CTU's 3-Day March Against School Closures Ends Monday

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    The Chicago Board of Education is expected to vote Wednesday on the planned closure of more than 50 schools. Mary Ann Ahern reports. (Published Monday, May 20, 2013)

    Chicago teachers, parents and students are hitting the streets for a third and final day of citywide marches in protest of Mayor Rahm Emanuel's proposal to close dozens of schools.

    Monday's activities will also include a downtown rally and delivering petitions calling for a moratorium on the closures to City Hall.

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    Hundreds have been crisscrossing city neighborhoods since Saturday morning. They oppose the plan to shut down 54 underutilized schools and the idea is to call attention to different city neighborhoods.

    More than 100 people were seen Saturday marching from school to school, carrying signs that read “Hands off our schools.”

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    “I feel like they should not close it, that’s my feelings on this," said Dominique Grant, whose preschooler will be displaced in the closures. "If we have to walk from here to the North Side it shall be done.”

    The protests come just days before the Chicago Board of Education is expected to vote on the closures at its meeting Wednesday.

    CTU Holds March, Rallies Against CPS Closings

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    CTU leaders, students and parents marched against CPS closures Saturday in the first of a three-day protest. (Published Sunday, May 19, 2013)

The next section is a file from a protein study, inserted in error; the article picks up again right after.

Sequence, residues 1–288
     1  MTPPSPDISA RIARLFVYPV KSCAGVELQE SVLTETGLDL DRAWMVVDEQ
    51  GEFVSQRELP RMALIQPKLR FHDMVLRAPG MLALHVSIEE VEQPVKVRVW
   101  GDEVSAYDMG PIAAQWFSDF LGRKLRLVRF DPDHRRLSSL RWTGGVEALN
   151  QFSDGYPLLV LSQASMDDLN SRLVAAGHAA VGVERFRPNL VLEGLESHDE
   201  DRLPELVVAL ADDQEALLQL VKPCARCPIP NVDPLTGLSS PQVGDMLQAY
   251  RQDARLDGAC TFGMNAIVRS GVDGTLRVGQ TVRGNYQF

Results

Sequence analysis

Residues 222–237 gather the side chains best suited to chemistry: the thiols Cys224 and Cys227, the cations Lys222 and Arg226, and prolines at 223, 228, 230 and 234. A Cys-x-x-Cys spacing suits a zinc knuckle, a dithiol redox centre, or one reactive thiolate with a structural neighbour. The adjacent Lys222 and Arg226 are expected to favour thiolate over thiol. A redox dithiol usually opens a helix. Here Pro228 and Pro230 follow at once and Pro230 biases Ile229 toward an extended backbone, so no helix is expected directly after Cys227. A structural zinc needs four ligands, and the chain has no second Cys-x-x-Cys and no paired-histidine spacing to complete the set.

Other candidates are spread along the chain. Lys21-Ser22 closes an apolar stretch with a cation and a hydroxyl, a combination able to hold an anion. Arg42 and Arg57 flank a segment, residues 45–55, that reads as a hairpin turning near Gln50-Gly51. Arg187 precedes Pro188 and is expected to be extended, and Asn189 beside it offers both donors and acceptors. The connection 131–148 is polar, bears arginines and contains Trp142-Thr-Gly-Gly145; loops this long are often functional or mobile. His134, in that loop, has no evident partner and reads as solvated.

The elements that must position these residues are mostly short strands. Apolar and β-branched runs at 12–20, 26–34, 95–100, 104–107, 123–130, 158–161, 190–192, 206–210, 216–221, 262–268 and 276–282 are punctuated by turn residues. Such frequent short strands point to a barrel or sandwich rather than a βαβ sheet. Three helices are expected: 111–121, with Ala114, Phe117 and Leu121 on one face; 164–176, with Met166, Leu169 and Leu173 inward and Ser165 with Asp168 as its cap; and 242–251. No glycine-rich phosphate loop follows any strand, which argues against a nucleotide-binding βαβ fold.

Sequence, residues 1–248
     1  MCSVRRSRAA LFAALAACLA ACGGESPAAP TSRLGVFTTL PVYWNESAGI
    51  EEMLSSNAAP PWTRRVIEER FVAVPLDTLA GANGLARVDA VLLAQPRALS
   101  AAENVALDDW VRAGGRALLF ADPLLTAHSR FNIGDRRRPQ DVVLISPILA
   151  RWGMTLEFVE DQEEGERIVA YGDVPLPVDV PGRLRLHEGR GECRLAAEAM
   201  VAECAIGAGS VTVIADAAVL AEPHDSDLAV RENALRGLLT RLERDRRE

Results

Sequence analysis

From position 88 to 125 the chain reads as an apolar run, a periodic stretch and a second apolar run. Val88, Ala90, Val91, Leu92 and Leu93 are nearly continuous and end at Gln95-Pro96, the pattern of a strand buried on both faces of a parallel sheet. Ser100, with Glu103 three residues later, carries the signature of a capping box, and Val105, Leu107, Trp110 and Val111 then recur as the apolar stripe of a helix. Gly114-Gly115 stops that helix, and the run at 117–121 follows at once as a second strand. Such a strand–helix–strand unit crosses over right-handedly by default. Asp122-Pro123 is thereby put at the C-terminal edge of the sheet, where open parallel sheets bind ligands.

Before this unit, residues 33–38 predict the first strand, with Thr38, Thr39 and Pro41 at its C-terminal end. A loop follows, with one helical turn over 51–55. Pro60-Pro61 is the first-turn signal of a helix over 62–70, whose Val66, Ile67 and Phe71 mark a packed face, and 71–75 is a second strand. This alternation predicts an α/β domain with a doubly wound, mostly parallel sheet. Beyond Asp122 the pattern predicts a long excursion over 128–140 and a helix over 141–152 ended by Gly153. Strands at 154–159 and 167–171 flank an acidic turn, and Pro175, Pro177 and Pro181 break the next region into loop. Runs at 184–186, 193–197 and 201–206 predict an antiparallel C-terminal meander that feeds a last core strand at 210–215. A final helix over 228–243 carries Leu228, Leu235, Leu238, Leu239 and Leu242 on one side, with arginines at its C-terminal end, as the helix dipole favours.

“We are going to continue to put pressure and put pressure on the people that are going to make the decision,” said newly re-elected CTU President Karen Lewis.

    Many parents were upset about the closures, and said officials have yet to give them reasons for why their school was on the list.

    “There’s been an assault on our public schools, public services and our public properties,” said one speaker at the march. “This has gone too far.”

    Lewis said she believes the marches will make a difference.

    Recent reports site that up to 13 schools are being considered for removal from the list after pressure form area aldermen, according to the Chicago Sun-Times.

    But Lewis said that’s only the beginning.

    “It’s still 40 schools. It’s entirely too many schools to try and close down,” she said.